Those are all facts about me with regards to my gender and sexual manifestation.  Here's one more fact:

As a man, I have an entire set of social points that are exclusive to me and men like me.

Sunday, August 07, 2011

Soon to be Post

HERE is the article for today, about the U.S. Post Office posting a $3.1 billion operating loss and warning of a default.

This news makes me sad, because I like the Post Office.  I know many financial commentators love to bag on the PO as an outdated system in a virtual digital seismological age.  It's the perfect example of a "government job" for its inefficiency, expense, and general wait.  Every friend I have on Facebook who has even a slight libertarian streak is someone I've seen rant about the PO and how much it ruins America, hurts women, or punches babies.

Sunday, July 17, 2011

Is Morality in the Eye of the Beholder?

To give the quick answer to the question posed by the title: yes.  My dictionary defines morality as "conformity to the rules of right conduct".  Regardless of whether or not universal truth is something you ascribe to, our perception of the morality of a situation is mutable.  Since everyone agrees that we humans make mistakes, our system of morality is also subject to mistakes -- and to a lesser extent, it is subject to personal perceptions.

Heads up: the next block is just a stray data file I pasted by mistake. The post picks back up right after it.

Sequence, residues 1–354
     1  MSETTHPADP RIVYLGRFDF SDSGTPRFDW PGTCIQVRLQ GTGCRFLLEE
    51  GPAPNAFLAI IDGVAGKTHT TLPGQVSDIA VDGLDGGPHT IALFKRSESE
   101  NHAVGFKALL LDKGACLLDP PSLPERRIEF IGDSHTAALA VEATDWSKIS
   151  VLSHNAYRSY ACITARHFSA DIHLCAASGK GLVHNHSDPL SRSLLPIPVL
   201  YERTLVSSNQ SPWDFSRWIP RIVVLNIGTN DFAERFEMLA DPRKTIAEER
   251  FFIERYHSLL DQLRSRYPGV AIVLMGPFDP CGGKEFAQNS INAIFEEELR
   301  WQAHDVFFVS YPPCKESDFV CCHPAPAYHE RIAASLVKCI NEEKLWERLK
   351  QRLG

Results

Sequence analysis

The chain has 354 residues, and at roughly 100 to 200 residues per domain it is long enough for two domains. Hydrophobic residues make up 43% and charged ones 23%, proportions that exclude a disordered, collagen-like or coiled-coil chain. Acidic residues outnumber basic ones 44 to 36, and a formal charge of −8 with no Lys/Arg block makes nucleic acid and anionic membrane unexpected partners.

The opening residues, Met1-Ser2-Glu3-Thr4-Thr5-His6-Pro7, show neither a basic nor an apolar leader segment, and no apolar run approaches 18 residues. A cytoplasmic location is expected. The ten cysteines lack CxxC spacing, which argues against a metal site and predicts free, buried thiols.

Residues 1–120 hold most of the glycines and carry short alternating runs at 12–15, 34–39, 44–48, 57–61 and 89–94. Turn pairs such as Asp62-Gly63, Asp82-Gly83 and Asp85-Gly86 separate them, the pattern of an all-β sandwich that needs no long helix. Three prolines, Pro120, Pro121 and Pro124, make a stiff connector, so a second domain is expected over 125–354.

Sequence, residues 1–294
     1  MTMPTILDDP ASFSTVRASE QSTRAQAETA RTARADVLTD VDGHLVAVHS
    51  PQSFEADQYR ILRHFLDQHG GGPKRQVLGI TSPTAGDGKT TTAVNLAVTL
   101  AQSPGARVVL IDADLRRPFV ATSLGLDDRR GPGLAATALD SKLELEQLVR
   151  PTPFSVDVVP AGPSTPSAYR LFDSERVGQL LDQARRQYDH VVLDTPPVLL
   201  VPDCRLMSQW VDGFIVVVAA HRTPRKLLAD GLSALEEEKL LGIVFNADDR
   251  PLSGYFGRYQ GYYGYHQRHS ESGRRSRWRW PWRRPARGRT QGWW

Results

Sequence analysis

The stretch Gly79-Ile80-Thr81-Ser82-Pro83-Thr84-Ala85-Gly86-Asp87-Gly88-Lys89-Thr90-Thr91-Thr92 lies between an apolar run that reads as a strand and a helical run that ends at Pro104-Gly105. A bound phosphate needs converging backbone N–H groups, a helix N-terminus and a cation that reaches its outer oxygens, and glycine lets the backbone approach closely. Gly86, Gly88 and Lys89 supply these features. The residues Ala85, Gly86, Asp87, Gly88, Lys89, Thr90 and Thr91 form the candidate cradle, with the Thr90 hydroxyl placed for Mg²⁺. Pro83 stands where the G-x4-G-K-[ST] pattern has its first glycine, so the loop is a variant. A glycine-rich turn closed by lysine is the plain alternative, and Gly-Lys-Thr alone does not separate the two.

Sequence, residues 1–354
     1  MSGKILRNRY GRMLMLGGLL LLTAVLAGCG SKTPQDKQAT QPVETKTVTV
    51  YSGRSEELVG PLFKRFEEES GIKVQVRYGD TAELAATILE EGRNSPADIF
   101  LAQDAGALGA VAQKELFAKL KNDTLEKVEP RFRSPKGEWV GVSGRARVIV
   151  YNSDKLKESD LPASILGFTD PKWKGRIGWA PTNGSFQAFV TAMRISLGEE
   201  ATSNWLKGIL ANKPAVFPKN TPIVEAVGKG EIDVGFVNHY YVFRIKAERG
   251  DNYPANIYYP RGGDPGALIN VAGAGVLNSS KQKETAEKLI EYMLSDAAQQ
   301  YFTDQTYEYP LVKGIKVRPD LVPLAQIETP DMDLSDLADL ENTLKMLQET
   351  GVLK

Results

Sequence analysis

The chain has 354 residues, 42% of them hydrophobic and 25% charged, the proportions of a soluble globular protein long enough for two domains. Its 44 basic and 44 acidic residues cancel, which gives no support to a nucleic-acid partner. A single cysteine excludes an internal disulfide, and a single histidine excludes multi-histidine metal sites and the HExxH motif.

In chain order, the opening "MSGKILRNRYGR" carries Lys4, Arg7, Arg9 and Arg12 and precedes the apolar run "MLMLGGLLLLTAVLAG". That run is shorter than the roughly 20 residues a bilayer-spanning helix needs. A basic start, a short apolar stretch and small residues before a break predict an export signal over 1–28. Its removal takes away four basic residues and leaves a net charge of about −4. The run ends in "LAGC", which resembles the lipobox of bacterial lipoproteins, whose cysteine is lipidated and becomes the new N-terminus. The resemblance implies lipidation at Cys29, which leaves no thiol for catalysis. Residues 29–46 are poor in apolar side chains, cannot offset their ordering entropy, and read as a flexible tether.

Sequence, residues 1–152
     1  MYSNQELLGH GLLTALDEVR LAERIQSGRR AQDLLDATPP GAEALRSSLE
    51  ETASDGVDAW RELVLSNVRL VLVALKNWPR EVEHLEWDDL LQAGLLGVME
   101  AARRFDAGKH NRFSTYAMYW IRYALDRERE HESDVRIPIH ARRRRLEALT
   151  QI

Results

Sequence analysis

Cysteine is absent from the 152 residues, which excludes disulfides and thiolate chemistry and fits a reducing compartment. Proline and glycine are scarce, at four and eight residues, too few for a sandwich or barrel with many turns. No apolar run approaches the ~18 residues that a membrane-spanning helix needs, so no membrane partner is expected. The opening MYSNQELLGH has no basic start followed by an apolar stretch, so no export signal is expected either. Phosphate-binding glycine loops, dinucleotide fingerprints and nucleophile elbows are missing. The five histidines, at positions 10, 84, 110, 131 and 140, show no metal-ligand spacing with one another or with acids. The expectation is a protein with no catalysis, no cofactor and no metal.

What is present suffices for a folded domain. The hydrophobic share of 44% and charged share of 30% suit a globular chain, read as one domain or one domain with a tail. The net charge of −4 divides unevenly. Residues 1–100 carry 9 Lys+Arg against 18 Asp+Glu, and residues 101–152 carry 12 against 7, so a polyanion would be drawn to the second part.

The woman in the previous entry has every right to condemn my actions as amoral.  From her perspective, condoning alternative sexuality is a very grave act.  While it is true that my position is that she doesn't make the most reliable judge due to her own actions (also a grave act in her belief system), that doesn't directly preclude her from finding me reprehensible. 

I would have hoped that several steps ago she would have noticed that she was heading towards a position that might undermine her argument.  We all know how much easier it is to judge someone other than ourselves: actions seem quite plain when seen on the tableau of someone else's life and existence.

It's difficult to write about being judgmental.  After all, I basically spent the last entry poking fun at their relationship, after setting it up in the context of an affront to my own morality.  Does that mean there's room in my morality for mocking people behind their backs?